Potbelly/Bigbelly Seahorse

Potbelly/Bigbelly Seahorse Hippocampus abdominalis

Type of Animal:

Shallow algal areas, shallow seagrass areas, seaweed areas, shallow rocky reefs, attached to sponges, attached to colonial hydroids in deeper areas, attached to jetty piles, large rocks, coral reefs, drifting seaweed, sponge gardens, subtidal rocky reefs w/ seaweed/sponge gardens, rocky reefs w/ Ecklonia kelp cover, harbors, sheltered bays, large rock pools at low tide, kelp areas, low-flow sea beds, shark nets, areas near aquaculture fish cages, docks, estuaries, young/juveniles more pelagic, can be found as deep as 341.207 ft

SW Pacific around Australia & New Zealand

Forward-tilted long snouted head, distended narrow round potbelly, long coiled prehensile tail, very large seahorse, males have smooth soft pouch-like area at abdominal base where stomach meets tail on front side, females have more pointed stomachs w/ noticeable fin at base, coloration can be tan/yellow/black/brown/orange/white/gray/mottled/red/purple/tiger pattern/color mix, dark spots often seen on trunk/head, females more slender than males, males have longer tails/shorter snouts, males & females overall same size, more dorsal fin rays/tail rings than any other seahorse species,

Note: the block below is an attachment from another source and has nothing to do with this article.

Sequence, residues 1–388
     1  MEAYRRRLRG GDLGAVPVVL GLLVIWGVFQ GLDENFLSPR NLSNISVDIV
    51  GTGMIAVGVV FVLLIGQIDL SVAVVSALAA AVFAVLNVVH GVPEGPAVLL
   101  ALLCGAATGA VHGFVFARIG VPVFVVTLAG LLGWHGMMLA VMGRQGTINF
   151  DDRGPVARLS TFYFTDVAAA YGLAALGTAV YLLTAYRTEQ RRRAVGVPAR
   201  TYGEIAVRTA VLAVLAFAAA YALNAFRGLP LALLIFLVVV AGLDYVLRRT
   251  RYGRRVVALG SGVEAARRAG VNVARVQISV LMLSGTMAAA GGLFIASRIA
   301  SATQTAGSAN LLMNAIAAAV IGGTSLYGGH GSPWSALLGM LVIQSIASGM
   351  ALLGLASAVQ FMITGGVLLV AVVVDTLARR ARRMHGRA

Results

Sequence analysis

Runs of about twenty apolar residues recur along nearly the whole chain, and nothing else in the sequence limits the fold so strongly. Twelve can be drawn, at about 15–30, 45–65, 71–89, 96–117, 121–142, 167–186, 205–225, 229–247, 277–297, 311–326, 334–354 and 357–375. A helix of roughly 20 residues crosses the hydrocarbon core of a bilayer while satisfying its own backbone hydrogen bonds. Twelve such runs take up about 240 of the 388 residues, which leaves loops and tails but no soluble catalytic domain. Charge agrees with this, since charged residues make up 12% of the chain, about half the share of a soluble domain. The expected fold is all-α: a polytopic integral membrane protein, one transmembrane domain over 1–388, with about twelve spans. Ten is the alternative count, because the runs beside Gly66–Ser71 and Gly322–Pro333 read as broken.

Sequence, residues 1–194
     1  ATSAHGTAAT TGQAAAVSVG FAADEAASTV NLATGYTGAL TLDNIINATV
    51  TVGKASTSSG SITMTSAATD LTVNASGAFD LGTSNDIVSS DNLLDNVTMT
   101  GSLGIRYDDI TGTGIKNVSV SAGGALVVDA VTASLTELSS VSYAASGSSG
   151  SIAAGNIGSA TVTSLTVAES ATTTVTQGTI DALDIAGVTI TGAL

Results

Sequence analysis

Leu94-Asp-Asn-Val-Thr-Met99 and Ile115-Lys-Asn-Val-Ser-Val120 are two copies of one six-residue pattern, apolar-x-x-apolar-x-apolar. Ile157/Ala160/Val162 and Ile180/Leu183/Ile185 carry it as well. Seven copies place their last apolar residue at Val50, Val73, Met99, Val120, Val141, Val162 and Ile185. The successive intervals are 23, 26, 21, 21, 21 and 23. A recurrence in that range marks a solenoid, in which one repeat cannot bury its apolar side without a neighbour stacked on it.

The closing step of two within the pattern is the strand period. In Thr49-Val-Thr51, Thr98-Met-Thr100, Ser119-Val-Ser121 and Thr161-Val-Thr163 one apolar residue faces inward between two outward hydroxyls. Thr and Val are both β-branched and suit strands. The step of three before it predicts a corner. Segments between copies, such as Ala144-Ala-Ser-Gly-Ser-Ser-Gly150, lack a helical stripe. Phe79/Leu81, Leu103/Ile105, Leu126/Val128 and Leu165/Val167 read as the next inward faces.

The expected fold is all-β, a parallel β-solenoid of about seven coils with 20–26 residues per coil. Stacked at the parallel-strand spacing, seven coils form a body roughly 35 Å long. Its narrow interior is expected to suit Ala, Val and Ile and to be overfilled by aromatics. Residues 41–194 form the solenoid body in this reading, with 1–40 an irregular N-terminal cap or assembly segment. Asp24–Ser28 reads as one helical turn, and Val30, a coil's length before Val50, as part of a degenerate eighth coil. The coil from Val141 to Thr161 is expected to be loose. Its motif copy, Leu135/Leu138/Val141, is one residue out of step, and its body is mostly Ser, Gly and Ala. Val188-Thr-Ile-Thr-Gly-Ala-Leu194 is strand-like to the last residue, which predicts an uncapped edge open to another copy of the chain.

Shrimp, amphipods, copepods, krill, zooplankton crustaceans, small fish fry

Status in Wild:

Breeding in aquariums & zoos. Protective measures in Australia. Extra protections from taking from wild.

Small herds of around 6 animals

Additional Info:

Male: Seastallion
Female: Seamare
Young: Fry
Group: Herd
6-8 oz

1 month 

Life Span:
3-6 years

Adult: 8-13 in
Young: 4 in

Body Length:
Adult: 8-13 in
Young: 4 in

Tail Length:
Male: 3.25 in
Female: 3 in

Main predators are skates, cod, perch, tuna, wrasses, salmon, penguins, seabirds, crabs, & rays.
While stable, threats do loom such as overfishing, water pollution, medicinal use, accidental bycatch, use as souvenirs, aquarium trade, & habitat loss.
They’re very good at camouflage.
They’re much better swimmers than other seahorse species, often traveling hundreds of yards a day.
They swallow food in one piece w/ tube-like snout creating vacuum.
Due to small gut tract, they don’t chew & can eat to excess.
Reach maturity at 6 months old.

Fun Fact(s):
Like other seahorses, males get pregnant & develop brood pouch. Females insert egg-laying organ into male’s pouch, laying her eggs w/ male fertilizing them. Females deposit up to 1,500 eggs. A month later, male gives birth to 100-1,500 fry. Afterwards, fry are on their own.
Males can have up to 4 broods a year.
Males usually give birth at night.
Eyes move separately.
Prehensile tail allows them to coil around anything they can.
When juveniles get older, they sink to bottom.

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